Agricultural finance is a relatively small part of the Islamic finance industry, something that is not entirely surprising given the arid conditions and high and rising level of food imports of some countries where Islamic finance has the greatest level of assets (e.g. the GCC). However, there are many areas where Islamic finance is growing—and where the Muslim population that could potentially be served by greater focus on agricultural financing is significant.
In an earlier blog post, I cited statistics from a paper written by the CEO of Pakistan’s Small- & Medium-sized Enterprise Development Authority (SMEDA) showing that for Pakistan, 45% of the workforce was employed in agriculture generating 20.9% of the country’s GDP, yet Islamic financing provided to agricultural clients represent just 0.1% of total assets. Since I wrote that post, Pakistan’s Meezan Bank announced that it was launching several agricultural financing products.
In two other countries, Shari’ah agricultural finance has been growing, and seems set to continue to grow. In Egypt, the Principal Bank for Development and Agricultural Credit (PBDAC) is expanding the Islamic finance it can provide up to LE50 million ($7.5 million), potentially up to double that level in June, according to the head of Islamic transactions, Abdel Rahman Al Kafrawi, speaking to Reuters. Al Kafrawi also said that, of the 5.8 million landowners, the availability of Islamic agriculture finance could increase the take up of financing from about 1 million now to 3 million, without specifying a time horizon.
Meanwhile in Afghanistan, a USAID-funded organization, the Agricultural Development Fund, says 70% of the $11 million in financing it provided through April 2012 was Shari’ah-compliant. According to the Reuters article cited above, “the ADF [as of October 2012] had provided loans to more than 15,000 farm households in 30 of Afghanistan's 34 provinces; it says it expects to reach 60,000 farmers by the end of 2014.”
All three of these developments are positive, but developing Islamic finance for agriculture and making it available will not work in isolation in the absence of demand for Islamic agriculture financing. Just providing financing will not make a sustainable contribution to growth, but it can help because the aversion to interest-based loans limits the demand for credit.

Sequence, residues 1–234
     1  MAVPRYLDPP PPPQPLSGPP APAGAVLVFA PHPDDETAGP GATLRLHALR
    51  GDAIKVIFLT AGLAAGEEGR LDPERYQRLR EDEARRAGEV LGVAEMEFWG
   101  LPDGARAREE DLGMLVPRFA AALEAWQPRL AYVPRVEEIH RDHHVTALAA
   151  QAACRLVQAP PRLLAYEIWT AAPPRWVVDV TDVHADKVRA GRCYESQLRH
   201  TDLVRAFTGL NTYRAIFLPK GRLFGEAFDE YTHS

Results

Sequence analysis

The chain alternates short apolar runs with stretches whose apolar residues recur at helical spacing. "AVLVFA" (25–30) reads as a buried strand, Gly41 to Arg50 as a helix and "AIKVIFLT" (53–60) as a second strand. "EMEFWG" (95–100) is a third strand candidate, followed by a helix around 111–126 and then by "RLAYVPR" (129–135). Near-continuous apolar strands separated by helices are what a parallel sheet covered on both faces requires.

“The Afghan government is using Islamic financial contracts to extend credit to farmers in areas where conventional banking has not fully satisfied demand for funds […]Demand for such [Islamic] financing has been particularly strong in rural communities because people there tend to be conservative”
“[PBDAC’s] chairman Muhsin Al Batran told reporters last September that the bank would expand its Islamic services since a considerable proportion of farmers declined to take conventional loans because of Islam's ban on interest.”
Any time there is a subset of people who refuse to use interest based loans, their demand for credit (unless there is Islamic financing available) will be almost perfectly inelastic—even when borrowing costs fall, demand for credit will not rise accordingly. In the case of Afghanistan, it appears from the perspective of the ADF that the demand for Shari’ah-compliant financing compounds a general shortage of financing (whether conventional or Islamic).
These factors—if the growth can continue and be done with proper risk management by the organizations to ensure that the non-performing loans stay at reasonable levels—should make Islamic agricultural financing more successful. Besides developing new markets for Islamic banks (in particular), they will provide financing to areas of the economy in many countries employ a large proportion of the labor force relative to the share of its contribution to GDP. However, if it is to be sustainable, there has to be proper regulation which is more likely to be present in Pakistan (where Islamic finance is relatively well developed) than in Egypt and Afghanistan (where Islamic banking is a relatively new development and the regulatory system may not be as well prepared to ensure the stability of banks offering Islamic finance products, particularly those products that do not mimic conventional loans in their risk profiles.
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